In order to solve problems involving angles of
elevation and depression, it is necessary to
A typical problem involving vectors and right triangles gives us information about a
vector and/or its components. We are asked to find information about unmeasured components and angles. Note that we will represent vectors either by using bold type
v or by using the
vector notation .
Suppose a
plane is taking off at a
rate of 200 mph with an
angle of 35° to the ground. What is the
rate at which it is receding from the ground? What is its ground speed?
First we make a diagram. In this case, the plane’s path makes a 35°
angle with the ground. We call this
vector p.
The
hypotenuse of the
triangle is given a
length of 200 mph which is the magnitude of the
vector p describing the plane’s path. The
vector representing climbing vertically away from the ground is
c and the
vector representing the ground
speed is
g. The
right angle is formed between vectors
c and
g which are components of
p.
An easy way to identify which vectors are the components and which vector is the resultant (or sum of those two components) is to trace their "headtotail" relationship.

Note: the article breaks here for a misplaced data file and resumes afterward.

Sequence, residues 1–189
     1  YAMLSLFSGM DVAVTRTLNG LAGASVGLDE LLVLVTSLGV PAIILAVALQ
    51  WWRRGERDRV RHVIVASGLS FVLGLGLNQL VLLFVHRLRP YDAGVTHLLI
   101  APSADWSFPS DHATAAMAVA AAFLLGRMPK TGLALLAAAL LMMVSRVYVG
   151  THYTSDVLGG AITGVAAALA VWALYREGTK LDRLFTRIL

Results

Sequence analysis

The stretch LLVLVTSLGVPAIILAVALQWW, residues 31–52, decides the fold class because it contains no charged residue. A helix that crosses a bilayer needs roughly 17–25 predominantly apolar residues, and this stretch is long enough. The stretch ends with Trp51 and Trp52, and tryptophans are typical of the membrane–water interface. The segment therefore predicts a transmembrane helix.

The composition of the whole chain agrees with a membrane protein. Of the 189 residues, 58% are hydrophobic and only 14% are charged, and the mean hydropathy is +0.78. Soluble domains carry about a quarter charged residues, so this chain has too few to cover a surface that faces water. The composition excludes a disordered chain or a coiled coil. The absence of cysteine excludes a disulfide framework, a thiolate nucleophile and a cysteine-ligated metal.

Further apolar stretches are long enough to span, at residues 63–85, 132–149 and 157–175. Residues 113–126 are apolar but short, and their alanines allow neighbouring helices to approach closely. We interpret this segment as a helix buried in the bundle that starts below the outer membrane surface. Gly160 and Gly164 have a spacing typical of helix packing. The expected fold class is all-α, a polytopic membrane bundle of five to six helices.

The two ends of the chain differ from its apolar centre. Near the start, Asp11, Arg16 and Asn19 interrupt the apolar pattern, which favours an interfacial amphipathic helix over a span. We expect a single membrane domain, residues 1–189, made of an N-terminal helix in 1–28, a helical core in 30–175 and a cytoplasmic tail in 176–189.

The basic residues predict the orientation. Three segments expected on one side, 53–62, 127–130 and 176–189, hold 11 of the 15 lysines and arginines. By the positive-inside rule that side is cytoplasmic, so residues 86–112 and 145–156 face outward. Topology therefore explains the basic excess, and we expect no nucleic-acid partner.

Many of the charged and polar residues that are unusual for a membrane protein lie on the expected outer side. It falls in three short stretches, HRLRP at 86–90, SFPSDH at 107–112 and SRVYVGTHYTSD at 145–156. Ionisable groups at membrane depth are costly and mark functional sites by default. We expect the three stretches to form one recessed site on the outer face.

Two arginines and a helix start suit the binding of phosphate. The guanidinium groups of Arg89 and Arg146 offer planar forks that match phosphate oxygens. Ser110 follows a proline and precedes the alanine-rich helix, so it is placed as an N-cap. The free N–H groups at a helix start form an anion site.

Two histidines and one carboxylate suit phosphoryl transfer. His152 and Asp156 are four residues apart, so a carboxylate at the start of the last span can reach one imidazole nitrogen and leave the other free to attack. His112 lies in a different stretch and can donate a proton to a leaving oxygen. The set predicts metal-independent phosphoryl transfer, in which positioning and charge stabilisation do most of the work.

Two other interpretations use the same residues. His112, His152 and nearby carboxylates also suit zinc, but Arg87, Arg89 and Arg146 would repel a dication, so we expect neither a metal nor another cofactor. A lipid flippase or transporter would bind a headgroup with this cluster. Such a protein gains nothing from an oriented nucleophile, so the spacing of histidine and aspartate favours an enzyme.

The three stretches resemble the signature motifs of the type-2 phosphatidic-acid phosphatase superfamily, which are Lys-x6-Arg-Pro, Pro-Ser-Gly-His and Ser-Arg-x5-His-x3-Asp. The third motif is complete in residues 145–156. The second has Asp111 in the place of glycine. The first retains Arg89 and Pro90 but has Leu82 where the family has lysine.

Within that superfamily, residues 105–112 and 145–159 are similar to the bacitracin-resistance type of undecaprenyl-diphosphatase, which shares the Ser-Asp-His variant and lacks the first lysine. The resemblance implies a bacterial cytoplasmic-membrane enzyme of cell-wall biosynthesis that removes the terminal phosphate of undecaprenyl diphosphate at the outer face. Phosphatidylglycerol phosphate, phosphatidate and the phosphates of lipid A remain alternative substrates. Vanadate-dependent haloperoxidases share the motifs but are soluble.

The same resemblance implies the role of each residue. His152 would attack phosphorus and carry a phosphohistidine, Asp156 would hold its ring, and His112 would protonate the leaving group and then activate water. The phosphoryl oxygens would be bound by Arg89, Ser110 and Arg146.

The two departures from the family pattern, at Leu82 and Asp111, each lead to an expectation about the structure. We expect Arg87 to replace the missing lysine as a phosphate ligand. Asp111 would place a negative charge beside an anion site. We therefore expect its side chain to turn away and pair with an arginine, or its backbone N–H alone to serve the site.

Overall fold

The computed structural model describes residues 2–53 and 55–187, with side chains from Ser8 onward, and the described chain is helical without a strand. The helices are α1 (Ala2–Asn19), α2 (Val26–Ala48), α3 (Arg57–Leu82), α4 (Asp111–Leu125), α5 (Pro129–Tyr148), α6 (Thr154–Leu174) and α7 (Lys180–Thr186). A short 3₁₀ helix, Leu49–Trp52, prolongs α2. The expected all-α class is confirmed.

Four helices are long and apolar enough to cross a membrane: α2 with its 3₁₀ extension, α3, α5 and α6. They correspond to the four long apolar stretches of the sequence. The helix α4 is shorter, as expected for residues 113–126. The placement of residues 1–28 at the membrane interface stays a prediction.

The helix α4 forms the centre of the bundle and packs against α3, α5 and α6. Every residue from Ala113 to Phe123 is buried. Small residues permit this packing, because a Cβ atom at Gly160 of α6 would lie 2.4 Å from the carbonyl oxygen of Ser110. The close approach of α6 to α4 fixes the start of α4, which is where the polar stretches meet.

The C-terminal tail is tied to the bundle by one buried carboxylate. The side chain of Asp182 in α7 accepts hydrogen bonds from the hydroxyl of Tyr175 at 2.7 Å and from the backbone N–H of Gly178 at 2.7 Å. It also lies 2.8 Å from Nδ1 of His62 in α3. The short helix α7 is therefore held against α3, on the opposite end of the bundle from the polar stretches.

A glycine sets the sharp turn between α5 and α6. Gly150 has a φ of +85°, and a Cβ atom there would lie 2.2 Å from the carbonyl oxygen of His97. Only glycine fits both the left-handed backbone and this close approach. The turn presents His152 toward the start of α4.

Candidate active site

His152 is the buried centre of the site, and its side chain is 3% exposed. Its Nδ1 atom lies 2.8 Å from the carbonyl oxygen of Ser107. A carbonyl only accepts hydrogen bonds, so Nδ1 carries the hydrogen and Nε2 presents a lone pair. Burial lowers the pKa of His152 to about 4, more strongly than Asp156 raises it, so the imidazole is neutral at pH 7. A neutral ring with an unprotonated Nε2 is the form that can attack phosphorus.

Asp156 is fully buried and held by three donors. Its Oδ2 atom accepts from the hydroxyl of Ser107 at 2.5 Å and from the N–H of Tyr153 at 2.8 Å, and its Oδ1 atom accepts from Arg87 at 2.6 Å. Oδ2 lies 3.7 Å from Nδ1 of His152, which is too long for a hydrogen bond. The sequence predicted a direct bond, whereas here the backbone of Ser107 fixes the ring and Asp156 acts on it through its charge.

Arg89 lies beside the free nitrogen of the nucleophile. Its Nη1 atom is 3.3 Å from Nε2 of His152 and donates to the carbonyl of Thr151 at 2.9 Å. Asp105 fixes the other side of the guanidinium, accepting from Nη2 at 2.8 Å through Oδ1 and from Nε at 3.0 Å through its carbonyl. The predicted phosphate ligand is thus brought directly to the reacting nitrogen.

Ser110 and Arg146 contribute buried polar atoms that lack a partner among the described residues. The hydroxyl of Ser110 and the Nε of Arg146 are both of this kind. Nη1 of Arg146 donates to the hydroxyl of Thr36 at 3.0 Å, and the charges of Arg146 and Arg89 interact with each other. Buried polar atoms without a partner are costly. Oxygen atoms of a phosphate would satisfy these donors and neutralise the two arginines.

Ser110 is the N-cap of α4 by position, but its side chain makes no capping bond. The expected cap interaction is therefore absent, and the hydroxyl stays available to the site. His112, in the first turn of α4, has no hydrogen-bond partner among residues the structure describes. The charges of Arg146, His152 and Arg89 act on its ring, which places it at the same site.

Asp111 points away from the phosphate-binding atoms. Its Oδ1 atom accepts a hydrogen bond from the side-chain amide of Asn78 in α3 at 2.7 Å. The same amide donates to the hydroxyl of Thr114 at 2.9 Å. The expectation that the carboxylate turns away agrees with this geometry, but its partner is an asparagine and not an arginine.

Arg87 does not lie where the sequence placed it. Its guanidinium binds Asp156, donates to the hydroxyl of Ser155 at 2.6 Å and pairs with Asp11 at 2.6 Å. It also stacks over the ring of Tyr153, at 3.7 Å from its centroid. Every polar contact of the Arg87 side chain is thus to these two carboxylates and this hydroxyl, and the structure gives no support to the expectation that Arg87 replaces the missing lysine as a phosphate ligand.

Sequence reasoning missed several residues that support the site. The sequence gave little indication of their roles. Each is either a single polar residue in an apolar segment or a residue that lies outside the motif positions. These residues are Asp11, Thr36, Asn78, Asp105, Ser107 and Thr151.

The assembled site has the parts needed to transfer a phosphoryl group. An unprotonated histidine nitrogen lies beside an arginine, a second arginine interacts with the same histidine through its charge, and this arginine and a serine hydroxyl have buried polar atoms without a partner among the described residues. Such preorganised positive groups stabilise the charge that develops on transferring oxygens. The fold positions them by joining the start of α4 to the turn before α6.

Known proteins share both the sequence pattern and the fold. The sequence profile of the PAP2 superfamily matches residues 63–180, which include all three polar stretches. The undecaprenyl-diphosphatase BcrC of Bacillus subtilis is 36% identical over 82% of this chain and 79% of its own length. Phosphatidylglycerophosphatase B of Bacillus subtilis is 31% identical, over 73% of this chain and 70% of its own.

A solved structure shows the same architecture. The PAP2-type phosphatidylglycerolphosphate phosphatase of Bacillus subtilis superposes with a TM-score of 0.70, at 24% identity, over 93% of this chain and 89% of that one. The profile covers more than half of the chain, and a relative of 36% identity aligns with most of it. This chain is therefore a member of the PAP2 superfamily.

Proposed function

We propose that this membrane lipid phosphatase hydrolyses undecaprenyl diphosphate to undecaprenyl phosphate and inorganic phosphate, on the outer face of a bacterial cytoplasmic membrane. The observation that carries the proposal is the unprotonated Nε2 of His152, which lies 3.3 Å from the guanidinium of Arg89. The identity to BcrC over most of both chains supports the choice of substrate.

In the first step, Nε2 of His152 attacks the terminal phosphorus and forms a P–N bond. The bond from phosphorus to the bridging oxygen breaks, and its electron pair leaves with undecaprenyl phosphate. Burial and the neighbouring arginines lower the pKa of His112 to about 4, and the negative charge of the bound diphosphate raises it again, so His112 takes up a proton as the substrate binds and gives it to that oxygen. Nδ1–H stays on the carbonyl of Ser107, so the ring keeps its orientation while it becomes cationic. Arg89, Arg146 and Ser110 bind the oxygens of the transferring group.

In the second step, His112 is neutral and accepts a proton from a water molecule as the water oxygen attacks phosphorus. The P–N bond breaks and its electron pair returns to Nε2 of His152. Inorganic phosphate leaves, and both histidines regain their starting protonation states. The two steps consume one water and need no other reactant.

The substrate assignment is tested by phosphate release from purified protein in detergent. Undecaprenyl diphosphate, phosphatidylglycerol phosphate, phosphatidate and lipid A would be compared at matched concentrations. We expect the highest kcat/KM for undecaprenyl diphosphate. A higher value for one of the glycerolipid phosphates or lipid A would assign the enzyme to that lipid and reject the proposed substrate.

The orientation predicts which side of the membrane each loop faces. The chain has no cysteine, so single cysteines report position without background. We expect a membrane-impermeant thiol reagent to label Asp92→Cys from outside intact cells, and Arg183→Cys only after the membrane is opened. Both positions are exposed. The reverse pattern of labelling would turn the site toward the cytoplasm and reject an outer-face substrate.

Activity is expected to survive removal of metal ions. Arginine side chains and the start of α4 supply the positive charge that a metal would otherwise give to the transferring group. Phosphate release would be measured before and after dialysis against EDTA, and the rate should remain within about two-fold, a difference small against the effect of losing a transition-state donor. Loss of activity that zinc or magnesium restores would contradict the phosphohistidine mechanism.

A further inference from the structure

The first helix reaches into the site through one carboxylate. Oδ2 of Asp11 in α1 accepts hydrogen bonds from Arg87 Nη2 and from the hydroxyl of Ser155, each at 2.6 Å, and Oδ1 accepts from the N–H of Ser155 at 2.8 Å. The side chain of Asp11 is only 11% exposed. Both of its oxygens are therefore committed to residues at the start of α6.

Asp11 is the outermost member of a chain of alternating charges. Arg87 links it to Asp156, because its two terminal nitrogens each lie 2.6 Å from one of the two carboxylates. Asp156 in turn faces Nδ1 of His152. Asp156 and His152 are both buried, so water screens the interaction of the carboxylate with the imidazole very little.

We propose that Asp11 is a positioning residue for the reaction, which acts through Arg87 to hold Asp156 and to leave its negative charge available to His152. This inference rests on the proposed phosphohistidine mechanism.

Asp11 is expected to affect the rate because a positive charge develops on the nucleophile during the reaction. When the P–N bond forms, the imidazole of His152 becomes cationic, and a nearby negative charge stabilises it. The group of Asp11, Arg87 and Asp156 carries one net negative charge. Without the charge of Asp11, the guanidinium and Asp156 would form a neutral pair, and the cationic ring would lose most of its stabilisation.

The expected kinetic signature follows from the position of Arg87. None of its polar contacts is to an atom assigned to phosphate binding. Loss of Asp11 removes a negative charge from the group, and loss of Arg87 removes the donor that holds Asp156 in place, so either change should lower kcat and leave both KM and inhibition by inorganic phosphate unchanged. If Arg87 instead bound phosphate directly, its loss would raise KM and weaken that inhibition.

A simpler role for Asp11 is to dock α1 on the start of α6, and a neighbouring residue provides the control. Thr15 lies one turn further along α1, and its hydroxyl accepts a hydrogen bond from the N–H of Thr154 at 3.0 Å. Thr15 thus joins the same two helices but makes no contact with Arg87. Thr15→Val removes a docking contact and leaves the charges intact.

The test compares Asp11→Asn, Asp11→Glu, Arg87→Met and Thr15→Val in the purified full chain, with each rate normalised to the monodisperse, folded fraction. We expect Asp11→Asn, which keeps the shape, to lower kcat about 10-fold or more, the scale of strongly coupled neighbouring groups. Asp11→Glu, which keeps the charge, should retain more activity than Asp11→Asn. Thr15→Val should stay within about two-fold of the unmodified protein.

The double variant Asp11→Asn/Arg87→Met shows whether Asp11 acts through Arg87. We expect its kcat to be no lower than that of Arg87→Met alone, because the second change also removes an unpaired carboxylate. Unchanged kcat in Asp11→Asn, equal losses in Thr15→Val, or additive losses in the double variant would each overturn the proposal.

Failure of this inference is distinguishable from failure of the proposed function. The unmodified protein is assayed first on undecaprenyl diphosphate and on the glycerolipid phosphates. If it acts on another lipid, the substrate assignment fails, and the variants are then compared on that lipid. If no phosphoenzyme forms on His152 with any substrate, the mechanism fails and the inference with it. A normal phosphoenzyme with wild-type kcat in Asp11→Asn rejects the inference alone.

When adding vectors, we start by placing the head of the first vector (g) at the original of a coordinate system. 



At its tail we place the origin of a second coordinate system and the head of the second vector (c). 



The resultant (p) is the vector that begins at the head of vector 1 (g) and ends at the tail of vector 2 (c) as shown in the diagram to the right. 

In the diagram shown below the known magnitude (
p = 200 mph) and
angle (
q = 35º) are labeled as well as the unknown vectors corresponding to the situation: the magnitude of the climbing
speed of the
plane by
c, and the magnitude of the ground
speed of the
plane by
g.
Thus the climbing and ground speeds are approximately 114.7 mph and 163.8 mph respectively and are the vertical and horizontal components of the resultant
vector p.